Gregor Fisher wheeled in Melanie Reid who was in a wheelchair following a riding accident some years ago and then said in his very Glasgow voice, "Hello Edinburgh" which brought the house down!
"I've always wanted to do that. What terrible weather you have over here!" he said.
From that moment he had won over the audience. Jenny Reid at last got a look in and reminded the audience that Gregor Fisher was best known as the string-vested, Govan philosopher, Ralph C. Nesbitt of television fame. He also appears in Gillies MacKinnon's remake of Whisky Galore.
Melanie Reid recounted how Gregor had three sets of parents by the time he was three. Of course, he could not recall any of these as he was too young. Gregor interjected, "well there you are I'm a bastard!" But Mel Reid said she preferred to think of him as a 'love child'.
Apparently his father was the same age as his grandfather and was a man in his fifties and an excise officer so he must have had some position in society. But Mel reminded us all that this was in the 1950s and therefore there was a great deal of shame attached to Gregor Fisher's position.
Gregor described how he had discussed the selection of his future wife with a mutual friend who said, "don't you think you are aiming a wee bit high?" To be honest, Gregor said, "I married above myself". He cheerfully accepted the situation for what it was.
When Gregor was finally persuaded to write his life story he was introduced to Mel Reid who was described to him as 'a journalist'. Initially there was a lot of distrust from Gregor's side but gradually this was overcome, however, when Mel had completed the first few chapters she sent this to Gregor. There was a long delay before any reaction and then Gregor suggested meeting. Clearly the present 'ghost writer' system of authoring was not working and would not work, so Mel took on the project with Gregor and toured the mining villages of central Scotland to discover the background to his early life. From this "The Boy from Nowhere" was created.
Gregor took time to describe the person who he knew as 'his mother'. His real mother, he found out, was killed in a fire. He never knew her. He said that she was a small, diminutive woman with red hair that she would frequently attack with a comb that had been dipped in dye that she carried round with her. He noticed that the dye never quite reached to roots of her hair, so there was always some tell-tale strands of grey showing. But his mother was the person who wiped his nose - and those other parts when necessary!
When he was fourteen he asked his mother where he had been christened. It was then that she told him that he was an adopted child. Although he had been a quite cheeky child to his mother there is no doubt that he was fortunate in having a very loving home.
He told the story of when he was in a play at the Royal Lyceum in Edinburgh and the play was to have a special night when HRH Princess Margaret was due to come to the show. Everyone was given two tickets so Gregor decided to give these to his mother and her sister Agnes. This was fine but Gregor's mother decided to wear a tiara which she had found on a stall at a jumble sale, so far so good - but the tiara did not have all its stones so his mother filled up the spaces by using the silver paper which came from the Capstan cigarettes which his father smoked!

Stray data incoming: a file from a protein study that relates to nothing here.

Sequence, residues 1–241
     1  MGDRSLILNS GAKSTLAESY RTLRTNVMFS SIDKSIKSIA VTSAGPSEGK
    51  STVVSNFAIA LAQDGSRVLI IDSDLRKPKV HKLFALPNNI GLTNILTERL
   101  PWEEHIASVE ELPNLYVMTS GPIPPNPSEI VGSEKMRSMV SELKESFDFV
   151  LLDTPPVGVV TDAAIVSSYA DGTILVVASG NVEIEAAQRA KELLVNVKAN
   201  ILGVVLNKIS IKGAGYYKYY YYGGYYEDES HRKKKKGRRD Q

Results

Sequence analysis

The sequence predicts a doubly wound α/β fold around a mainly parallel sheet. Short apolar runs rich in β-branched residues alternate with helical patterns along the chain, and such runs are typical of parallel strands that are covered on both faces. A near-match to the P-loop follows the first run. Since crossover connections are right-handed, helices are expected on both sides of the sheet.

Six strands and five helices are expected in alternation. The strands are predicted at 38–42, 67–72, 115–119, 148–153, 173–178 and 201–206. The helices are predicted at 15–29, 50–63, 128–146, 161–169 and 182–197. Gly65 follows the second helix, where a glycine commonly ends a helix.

"They'll never know, and in the dark and they'll never spot the difference!", said his mother. Of course there was then a picture of the two of them on the front page of the then "Glasgow Herald" with their necks craned to see the Princess during the singing of The National Anthem!
Gregor touched on another incident when he was in a show with Moira Shearer and he thought it would be nice for his mother to meet the star who had been seen by everyone in "Red Shoes". He recalls his embarrassment when his mother said, "Very nice dear, but what do you do?" He was mortified!
He then said that he had been working in a pub in Langholm because his father was always glad to see the back of him for a break, when he received this letter from someone who claimed to be his sister. They arranged to meet and the rendezvous was by the Lost Property Office at Glasgow Central Station which was all he could think of at the time. They met off and on for some two years and managed to piece together what had befallen them both over this time.
One of the loose ends was to be an excursion to meet Aunt Ruby who lived in Alloa. He recalled the time as he was in panto in Glasgow and he had a powder blue Mercedes, so he and his sister drove off to Alloa. At this point he interjected, "Anyone here from Alloa?" One man put his hand up to great amusement and Gregor asked, "Well, are you related to me? No? Thank goodness for that!"
Anyway he could sense that Maureen was nervous and they could see a man up a ladder at the side of the house, so they went up to the front door with some trepidation and rang the bell, Gregor started saying that they did not want to cause any problem, but at that she snapped, "I've got workmen here" and then closed the door on them! They distinctly saw the curtain twitch as they got in the car and went back to Glasgow.
But Gregor was determined to find his real mother's grave. He had searched the cemetery records and then thought she might have been cremated, so he went to the Central Necropolis in Glasgow and met with a chap who promised to help who was dressed in formal pin-stripe trousers but with a T-shirt and a liberal array of tattoos. As the man went for the book of records he recalls thinking, "My God, it's terribly hot in here!" Little wonder as they were just beside the furnace! Eventually the man came back with the name they wanted and the name was there but beside it was the statement, "Unmarried."
This was superb entertainment.
The Boy From Nowhere(Jun 2016) by Gregor Fisher and Melanie Reid is published by Harper.